Did France Cause the Great Depression?
The gold standard was a key factor behind the Great Depression, but why did it produce such an intense worldwide deflation and associated economic contraction? While the tightening of U.S. monetary policy in 1928 is often blamed for having initiated the downturn, France increased its share of world gold reserves from 7 percent to 27 percent between 1927 and 1932 and effectively sterilized most of this accumulation. This "gold hoarding" created an artificial shortage of reserves and put other countries under enormous deflationary pressure. Counterfactual simulations indicate that world prices would have increased slightly between 1929 and 1933, instead of declining calamitously, if the historical relationship between world gold reserves and world prices had continued. The results indicate that France was somewhat more to blame than the United States for the worldwide deflation of 1929-33. The deflation could have been avoided if central banks had simply maintained their 1928 cover ratios.
|Date of creation:||Sep 2010|
|Publication status:||published as “ Le France a-t- elle Causé la Grande Dép ression? ” Revue Française d’économ ie 25 (April 2 01 1) : 3-10 .|
|Note:||DAE IFM ME|
|Contact details of provider:|| Postal: National Bureau of Economic Research, 1050 Massachusetts Avenue Cambridge, MA 02138, U.S.A.|
Web page: http://www.nber.org
More information through EDIRC
References listed on IDEAS
Please report citation or reference errors to , or , if you are the registered author of the cited work, log in to your RePEc Author Service profile, click on "citations" and make appropriate adjustments.:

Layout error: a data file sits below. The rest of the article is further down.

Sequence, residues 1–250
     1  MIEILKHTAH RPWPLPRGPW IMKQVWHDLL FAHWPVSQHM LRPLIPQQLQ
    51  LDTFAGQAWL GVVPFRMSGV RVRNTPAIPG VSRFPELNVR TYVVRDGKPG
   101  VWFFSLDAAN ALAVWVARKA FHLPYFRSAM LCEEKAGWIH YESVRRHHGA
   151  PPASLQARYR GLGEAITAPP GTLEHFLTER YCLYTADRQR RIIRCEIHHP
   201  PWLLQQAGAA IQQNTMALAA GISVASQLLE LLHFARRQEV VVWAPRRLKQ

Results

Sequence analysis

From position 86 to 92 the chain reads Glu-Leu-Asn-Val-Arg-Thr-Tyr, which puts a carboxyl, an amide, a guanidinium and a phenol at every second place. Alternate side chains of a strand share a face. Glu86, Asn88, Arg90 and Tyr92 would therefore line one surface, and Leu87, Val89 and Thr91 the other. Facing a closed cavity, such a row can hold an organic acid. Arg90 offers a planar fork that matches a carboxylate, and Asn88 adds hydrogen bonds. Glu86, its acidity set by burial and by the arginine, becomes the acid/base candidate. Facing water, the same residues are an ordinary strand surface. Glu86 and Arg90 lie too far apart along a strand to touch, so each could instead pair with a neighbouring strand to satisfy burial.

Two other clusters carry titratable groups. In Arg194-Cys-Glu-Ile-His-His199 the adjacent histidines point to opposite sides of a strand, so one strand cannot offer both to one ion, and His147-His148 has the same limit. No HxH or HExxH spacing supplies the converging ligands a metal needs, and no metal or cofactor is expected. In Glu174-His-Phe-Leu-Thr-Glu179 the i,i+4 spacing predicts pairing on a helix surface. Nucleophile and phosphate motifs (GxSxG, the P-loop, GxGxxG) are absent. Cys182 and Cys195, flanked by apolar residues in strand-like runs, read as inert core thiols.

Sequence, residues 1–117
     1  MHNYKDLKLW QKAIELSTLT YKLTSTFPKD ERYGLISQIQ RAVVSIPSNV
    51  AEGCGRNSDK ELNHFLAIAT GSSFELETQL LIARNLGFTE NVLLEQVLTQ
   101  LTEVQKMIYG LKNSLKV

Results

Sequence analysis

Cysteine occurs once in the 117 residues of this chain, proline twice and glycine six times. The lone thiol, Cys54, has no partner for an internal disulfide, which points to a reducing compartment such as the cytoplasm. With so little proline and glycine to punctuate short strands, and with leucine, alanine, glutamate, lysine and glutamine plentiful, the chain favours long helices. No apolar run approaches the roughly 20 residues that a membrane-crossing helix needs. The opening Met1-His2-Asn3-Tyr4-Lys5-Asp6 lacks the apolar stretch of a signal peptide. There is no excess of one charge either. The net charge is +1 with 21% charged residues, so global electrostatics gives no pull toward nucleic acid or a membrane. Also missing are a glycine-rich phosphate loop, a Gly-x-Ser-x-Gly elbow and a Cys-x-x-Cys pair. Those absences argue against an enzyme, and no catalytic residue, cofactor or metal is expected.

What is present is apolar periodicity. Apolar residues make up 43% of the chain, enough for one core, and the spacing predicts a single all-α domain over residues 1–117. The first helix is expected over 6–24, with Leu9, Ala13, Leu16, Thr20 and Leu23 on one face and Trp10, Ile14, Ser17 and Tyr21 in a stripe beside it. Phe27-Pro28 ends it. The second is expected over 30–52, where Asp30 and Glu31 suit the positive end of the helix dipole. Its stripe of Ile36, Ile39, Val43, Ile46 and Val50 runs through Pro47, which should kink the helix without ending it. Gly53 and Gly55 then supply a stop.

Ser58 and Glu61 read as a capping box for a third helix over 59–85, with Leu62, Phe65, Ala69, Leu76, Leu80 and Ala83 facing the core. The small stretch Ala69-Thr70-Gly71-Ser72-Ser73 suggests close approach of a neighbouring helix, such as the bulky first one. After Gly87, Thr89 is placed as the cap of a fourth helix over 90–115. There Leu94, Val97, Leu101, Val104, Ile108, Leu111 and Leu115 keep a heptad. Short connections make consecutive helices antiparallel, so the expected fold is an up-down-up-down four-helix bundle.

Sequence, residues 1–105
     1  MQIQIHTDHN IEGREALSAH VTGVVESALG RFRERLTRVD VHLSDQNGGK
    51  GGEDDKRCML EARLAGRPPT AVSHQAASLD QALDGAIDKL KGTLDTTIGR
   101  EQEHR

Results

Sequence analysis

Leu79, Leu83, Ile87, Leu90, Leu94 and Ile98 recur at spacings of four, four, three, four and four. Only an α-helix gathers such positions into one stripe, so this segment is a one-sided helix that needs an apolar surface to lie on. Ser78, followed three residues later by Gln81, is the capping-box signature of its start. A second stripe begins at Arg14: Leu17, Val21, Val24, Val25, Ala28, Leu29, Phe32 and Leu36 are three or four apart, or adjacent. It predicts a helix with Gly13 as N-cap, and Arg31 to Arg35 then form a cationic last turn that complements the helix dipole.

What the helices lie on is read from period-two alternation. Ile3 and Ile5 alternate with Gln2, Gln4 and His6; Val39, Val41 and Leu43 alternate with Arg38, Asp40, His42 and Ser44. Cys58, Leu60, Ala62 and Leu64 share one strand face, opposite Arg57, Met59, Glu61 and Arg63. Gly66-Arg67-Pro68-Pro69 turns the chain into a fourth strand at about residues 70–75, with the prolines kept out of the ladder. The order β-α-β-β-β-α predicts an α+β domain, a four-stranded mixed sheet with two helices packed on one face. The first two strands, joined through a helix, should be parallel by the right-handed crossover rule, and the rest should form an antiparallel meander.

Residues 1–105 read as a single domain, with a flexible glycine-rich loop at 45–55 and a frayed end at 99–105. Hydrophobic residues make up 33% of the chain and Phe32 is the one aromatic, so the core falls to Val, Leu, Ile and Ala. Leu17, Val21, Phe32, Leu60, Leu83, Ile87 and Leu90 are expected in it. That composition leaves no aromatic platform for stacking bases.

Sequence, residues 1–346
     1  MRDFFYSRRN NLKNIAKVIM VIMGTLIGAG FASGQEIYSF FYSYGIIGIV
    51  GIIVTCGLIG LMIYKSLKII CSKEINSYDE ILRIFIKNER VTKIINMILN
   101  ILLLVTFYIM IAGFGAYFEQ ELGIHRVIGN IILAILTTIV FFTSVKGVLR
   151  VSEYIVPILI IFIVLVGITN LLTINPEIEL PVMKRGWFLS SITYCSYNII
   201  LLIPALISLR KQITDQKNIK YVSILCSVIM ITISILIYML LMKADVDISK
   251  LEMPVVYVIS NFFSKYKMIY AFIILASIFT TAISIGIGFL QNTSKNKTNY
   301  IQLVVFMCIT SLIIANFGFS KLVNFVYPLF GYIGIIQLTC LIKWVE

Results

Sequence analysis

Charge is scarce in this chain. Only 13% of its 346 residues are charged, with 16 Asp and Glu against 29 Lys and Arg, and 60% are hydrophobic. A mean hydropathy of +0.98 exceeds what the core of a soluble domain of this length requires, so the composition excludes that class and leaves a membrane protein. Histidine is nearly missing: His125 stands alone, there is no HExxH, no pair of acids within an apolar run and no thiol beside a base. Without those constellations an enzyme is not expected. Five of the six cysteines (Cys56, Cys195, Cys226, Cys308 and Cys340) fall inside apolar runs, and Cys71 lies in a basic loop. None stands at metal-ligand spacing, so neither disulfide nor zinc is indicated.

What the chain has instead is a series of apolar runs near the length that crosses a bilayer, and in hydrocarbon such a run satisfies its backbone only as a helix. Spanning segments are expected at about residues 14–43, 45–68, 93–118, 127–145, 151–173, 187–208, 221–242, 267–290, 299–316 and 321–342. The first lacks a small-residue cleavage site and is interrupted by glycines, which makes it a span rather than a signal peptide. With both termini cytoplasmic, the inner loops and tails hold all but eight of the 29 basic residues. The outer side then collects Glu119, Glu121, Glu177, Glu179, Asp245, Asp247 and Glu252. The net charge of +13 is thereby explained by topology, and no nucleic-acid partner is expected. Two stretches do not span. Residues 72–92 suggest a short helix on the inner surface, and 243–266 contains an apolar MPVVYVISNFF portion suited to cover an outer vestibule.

- Evans, Martin & Wachtel, Paul, 1993.
"Were price changes during the Great Depression anticipated? : Evidence from nominal interest rates,"
Journal of Monetary Economics,
Elsevier, vol. 32(1), pages 3-34, August.
- Martin Evans & Paul Wachtel, 1992. "Were Price Changes during the Great Depression Anticipated? Evidence from Nominal Interest Rates," Working Papers 92-12, New York University, Leonard N. Stern School of Business, Department of Economics.
- Sumner, Scott, 1991. "The Equilibrium Approach to Discretionary Monetary Policy under an International Gold Standard, 1926-1932," The Manchester School of Economic & Social Studies, University of Manchester, vol. 59(4), pages 378-394, December.
- Hugh Rockoff, 1984. "Some Evidence on the Real Price of Gold, Its Costs of Production, and Commodity Prices," NBER Chapters,in: A Retrospective on the Classical Gold Standard, 1821-1931, pages 613-650 National Bureau of Economic Research, Inc.
- Sicsic, Pierre, 1992. "Was the franc poincare deliberately undervalued?," Explorations in Economic History, Elsevier, vol. 29(1), pages 69-92, January.
- Peter Temin, 1991. "Lessons from the Great Depression," MIT Press Books, The MIT Press, edition 1, volume 1, number 0262700441, December.
- Accominotti, Olivier, 2009. "The sterling trap: foreign reserves management at the Bank of France, 1928–1936," European Review of Economic History, Cambridge University Press, vol. 13(03), pages 349-376, December.
- Robert A. Mundell, 2000. "A Reconsideration of the Twentieth Century," American Economic Review, American Economic Association, vol. 90(3), pages 327-340, June.
- Mundell, Robert A., 1999. "A Reconsideration of the Twentieth Century," Nobel Prize in Economics documents 1999-5, Nobel Prize Committee.
- Michael D. Bordo & Anna J. Schwartz, 1984. "A Retrospective on the Classical Gold Standard, 1821-1931," NBER Books, National Bureau of Economic Research, Inc, number bord84-1, Enero-Jun.
- Choudhri, Ehsan U & Kochin, Levis A, 1980. "The Exchange Rate and the International Transmission of Business Cycle Disturbances: Some Evidence from the Great Depression," Journal of Money, Credit and Banking, Blackwell Publishing, vol. 12(4), pages 565-574, November. Full references (including those not matched with items on IDEAS)